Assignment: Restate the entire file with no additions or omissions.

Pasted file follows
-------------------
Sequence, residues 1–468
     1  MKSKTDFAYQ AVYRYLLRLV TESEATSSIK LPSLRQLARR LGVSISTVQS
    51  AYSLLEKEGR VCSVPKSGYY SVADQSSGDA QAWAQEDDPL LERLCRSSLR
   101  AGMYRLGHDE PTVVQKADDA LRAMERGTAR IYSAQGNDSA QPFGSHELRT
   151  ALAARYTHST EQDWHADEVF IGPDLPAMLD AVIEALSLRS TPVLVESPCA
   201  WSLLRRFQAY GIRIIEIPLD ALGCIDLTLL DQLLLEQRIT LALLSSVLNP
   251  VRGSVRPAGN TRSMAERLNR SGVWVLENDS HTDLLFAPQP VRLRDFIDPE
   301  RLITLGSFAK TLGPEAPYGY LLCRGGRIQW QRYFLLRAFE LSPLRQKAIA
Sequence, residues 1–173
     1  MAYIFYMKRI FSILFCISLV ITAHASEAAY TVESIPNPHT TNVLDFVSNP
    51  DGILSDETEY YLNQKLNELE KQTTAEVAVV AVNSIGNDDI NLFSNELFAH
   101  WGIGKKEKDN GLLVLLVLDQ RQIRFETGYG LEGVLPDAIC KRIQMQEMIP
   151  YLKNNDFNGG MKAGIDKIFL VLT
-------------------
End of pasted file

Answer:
Sequence, residues 1–468
     1  MKSKTDFAYQ AVYRYLLRLV TESEATSSIK LPSLRQLARR LGVSISTVQS
    51  AYSLLEKEGR VCSVPKSGYY SVADQSSGDA QAWAQEDDPL LERLCRSSLR
   101  AGMYRLGHDE PTVVQKADDA LRAMERGTAR IYSAQGNDSA QPFGSHELRT
   151  ALAARYTHST EQDWHADEVF IGPDLPAMLD AVIEALSLRS TPVLVESPCA
   201  WSLLRRFQAY GIRIIEIPLD ALGCIDLTLL DQLLLEQRIT LALLSSVLNP
   251  VRGSVRPAGN TRSMAERLNR SGVWVLENDS HTDLLFAPQP VRLRDFIDPE
   301  RLITLGSFAK TLGPEAPYGY LLCRGGRIQW QRYFLLRAFE LSPLRQKAIA
Sequence, residues 1–173
     1  MAYIFYMKRI FSILFCISLV ITAHASEAAY TVESIPNPHT TNVLDFVSNP
    51  DGILSDETEY YLNQKLNELE KQTTAEVAVV AVNSIGNDDI NLFSNELFAH
   101  WGIGKKEKDN GLLVLLVLDQ RQIRFETGYG LEGVLPDAIC KRIQMQEMIP
   151  YLKNNDFNGG MKAGIDKIFL VLT